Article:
It was election year in 1984, and Robert Muldoon decided to go to the polls early, on 14 July. This was due largely to the decision by Marilyn Waring, a National Party Member of Parliament, to withdraw her support for the National caucus on June 14. She had been savagely attacked by Robert Muldoon for supporting the Labour opposition's Nuclear Free New Zealand Bill the previous day.
Labour campaigned against nuclear propulsion and weapons, but not against ANZUS. Labour leader David Lange had tried to work with the Americans, but their 'neither confirm nor deny' policy made a middle ground virtually impossible to find.
In the election Labour swept to power, and it immediately made clear its intention to pursue policies that would establish New Zealand as a nuclear-free country. This was a popular stand, and by the end of the year nearly 40 towns and boroughs had declared themselves nuclear-free. Labour announced its decision to ban ships that were either nuclear-powered or armed. The United States maintained its position, and stalemate was quickly reached.
Five days after his defeat in the election, the outgoing prime minister, Robert Muldoon, met the United States secretary of state, George Shultz, in Wellington for an ANZUS council meeting. David Lange labelled this 'a calculated attempt to embarrass the new Labour Government' and declared that the council communiqué was 'intellectual dishonesty which allowed the representatives of a defeated government to put their country's name to a document that all who signed it knew did not represent the views of the country's future government'.
David Lange, in seeking a softening of Labour Party policy on this issue, found that there was little room to move; party activists were unwilling to draw distinctions between nuclear propulsion and nuclear weapons. The mood of the nation was also against such political manoeuvring. David Lange may well have hinted to George Shultz that the policy could change, but George Shultz had convinced himself that he had an assurance that David Lange would overturn Labour's policy. He later claimed that he felt betrayed by the way things unfolded.
The United States decided to test the new government's resolve in late 1984 when it requested a visit by the guided missile destroyer USS Buchanan. The Buchanan was an older ship, and the Americans hoped that public suspicions that it was not nuclear armed would be enough for it to slip under the political radar. 'Near-uncertainty was not now enough for us,' David Lange recalled. 'Whatever the truth of its armaments, its arrival in New Zealand would be seen as a surrender by the government.' He hoped that the Americans might offer to send something less ambiguous, but it was the Buchanan or nothing.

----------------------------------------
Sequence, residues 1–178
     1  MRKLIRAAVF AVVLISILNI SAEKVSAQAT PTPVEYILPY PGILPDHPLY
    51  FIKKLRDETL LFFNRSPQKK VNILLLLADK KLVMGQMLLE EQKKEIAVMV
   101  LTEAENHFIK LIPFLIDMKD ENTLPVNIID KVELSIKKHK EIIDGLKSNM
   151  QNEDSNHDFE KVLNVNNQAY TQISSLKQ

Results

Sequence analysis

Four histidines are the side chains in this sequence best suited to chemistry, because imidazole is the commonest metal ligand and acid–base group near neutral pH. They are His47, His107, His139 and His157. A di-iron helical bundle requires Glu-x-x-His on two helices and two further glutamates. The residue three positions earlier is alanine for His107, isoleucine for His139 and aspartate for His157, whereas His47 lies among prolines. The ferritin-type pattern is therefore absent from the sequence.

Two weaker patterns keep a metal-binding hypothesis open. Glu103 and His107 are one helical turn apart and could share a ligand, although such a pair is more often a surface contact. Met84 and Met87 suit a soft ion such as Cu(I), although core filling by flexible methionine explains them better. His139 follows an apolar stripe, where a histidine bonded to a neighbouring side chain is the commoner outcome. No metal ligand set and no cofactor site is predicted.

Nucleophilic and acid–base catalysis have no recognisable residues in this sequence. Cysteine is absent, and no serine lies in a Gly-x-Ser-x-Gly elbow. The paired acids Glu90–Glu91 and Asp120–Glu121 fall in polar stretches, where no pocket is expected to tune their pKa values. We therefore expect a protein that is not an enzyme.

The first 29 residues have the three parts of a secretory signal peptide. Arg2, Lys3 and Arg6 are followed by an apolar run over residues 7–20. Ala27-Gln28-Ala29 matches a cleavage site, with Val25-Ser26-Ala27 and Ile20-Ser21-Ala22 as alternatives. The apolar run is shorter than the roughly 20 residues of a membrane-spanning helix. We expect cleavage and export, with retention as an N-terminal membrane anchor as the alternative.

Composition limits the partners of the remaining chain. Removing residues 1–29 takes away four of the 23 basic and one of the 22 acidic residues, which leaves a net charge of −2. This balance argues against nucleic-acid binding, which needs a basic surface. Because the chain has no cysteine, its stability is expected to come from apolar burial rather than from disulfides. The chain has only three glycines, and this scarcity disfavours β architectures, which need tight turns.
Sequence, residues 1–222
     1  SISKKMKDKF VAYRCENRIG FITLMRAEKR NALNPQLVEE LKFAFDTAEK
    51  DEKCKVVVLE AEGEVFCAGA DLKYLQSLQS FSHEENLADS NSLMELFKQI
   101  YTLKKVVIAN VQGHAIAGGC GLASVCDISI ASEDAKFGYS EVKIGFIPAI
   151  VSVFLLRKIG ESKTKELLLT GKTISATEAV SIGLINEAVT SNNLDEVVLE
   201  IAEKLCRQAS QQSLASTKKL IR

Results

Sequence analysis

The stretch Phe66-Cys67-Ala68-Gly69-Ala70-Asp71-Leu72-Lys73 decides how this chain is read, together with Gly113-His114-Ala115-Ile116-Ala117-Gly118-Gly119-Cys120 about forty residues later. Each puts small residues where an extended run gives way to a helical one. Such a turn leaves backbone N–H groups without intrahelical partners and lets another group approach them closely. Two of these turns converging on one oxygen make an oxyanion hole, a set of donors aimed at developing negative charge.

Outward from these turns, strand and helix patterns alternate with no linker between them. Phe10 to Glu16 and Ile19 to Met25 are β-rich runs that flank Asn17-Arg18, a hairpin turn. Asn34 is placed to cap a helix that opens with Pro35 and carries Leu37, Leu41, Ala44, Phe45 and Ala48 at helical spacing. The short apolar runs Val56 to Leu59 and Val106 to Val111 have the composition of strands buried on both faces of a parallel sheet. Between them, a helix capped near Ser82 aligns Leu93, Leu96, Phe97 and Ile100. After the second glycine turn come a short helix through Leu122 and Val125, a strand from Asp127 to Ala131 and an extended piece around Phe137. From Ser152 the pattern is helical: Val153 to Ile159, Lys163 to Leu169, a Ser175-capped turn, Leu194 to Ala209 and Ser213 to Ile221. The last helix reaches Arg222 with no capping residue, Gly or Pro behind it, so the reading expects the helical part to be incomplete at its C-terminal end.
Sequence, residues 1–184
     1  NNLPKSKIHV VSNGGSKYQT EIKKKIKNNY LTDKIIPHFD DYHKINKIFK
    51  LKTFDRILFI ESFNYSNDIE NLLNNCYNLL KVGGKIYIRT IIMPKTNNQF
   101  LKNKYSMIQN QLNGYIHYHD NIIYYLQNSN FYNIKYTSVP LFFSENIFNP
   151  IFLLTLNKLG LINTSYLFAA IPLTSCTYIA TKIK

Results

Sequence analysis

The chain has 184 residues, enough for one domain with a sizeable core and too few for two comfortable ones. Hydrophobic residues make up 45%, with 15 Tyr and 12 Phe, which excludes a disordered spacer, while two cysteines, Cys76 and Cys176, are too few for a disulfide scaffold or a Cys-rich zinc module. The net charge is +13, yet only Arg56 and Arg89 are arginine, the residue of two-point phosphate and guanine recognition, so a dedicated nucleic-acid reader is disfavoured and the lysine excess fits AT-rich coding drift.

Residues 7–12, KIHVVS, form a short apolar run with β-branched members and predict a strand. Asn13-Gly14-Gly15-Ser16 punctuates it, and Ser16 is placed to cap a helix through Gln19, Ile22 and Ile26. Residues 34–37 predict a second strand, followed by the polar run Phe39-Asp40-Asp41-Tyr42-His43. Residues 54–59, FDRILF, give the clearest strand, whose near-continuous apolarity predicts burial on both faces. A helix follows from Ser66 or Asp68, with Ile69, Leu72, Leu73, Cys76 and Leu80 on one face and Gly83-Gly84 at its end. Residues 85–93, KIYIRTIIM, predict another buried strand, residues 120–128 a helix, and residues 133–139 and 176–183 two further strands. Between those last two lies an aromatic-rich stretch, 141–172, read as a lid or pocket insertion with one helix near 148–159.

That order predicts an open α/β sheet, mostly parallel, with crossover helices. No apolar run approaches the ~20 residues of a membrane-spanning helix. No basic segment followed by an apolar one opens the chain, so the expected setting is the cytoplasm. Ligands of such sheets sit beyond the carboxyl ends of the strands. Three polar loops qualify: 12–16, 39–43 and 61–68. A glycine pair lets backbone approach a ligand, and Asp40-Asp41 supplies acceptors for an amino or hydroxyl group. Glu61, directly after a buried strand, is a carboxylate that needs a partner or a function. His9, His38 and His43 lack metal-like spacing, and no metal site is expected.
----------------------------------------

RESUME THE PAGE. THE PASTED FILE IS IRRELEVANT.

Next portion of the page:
On 4 February 1985 the government said no. Within a matter of days Washington severed visible intelligence and military ties with New Zealand and downgraded political and diplomatic exchanges. George Schultz confirmed that the United States was no longer willing to maintain its security guarantee to New Zealand, although the ANZUS treaty structure remained in place.
One of the concerns of the United States over the ships row was that other countries might follow New Zealand's lead. David Lange had effectively become the 'pin-up boy for nuclear disarmament', and this was demonstrated on 2 March 1985 during the widely televised Oxford Union debate. David Lange competed against the right-wing evangelist Jerry Falwell, and his performance in arguing the proposition that 'nuclear weapons are morally indefensible' was masterful. The quick-witted David Lange drew thunderous applause with his now famous reply to a young conservative: '... hold your breath just for a moment. I can smell the uranium on it as you lean toward me!' Briefly, New Zealand had taken the centre stage.
In 1987 Labour passed the New Zealand Nuclear Free Zone, Disarmament, and Arms Control Act. In a largely symbolic act, the United States Congress retaliated with the Broomfield Act, downgrading New Zealand's status from ally to friend. David Lange stated that if the security alliance was the price New Zealand must pay to remain nuclear-free, 'it is the price we are prepared to pay'. In 1989, 52% of New Zealanders indicated that they would rather break defence ties than admit nuclear-armed ships. By 1990 even National had signed up to anti-nuclearism.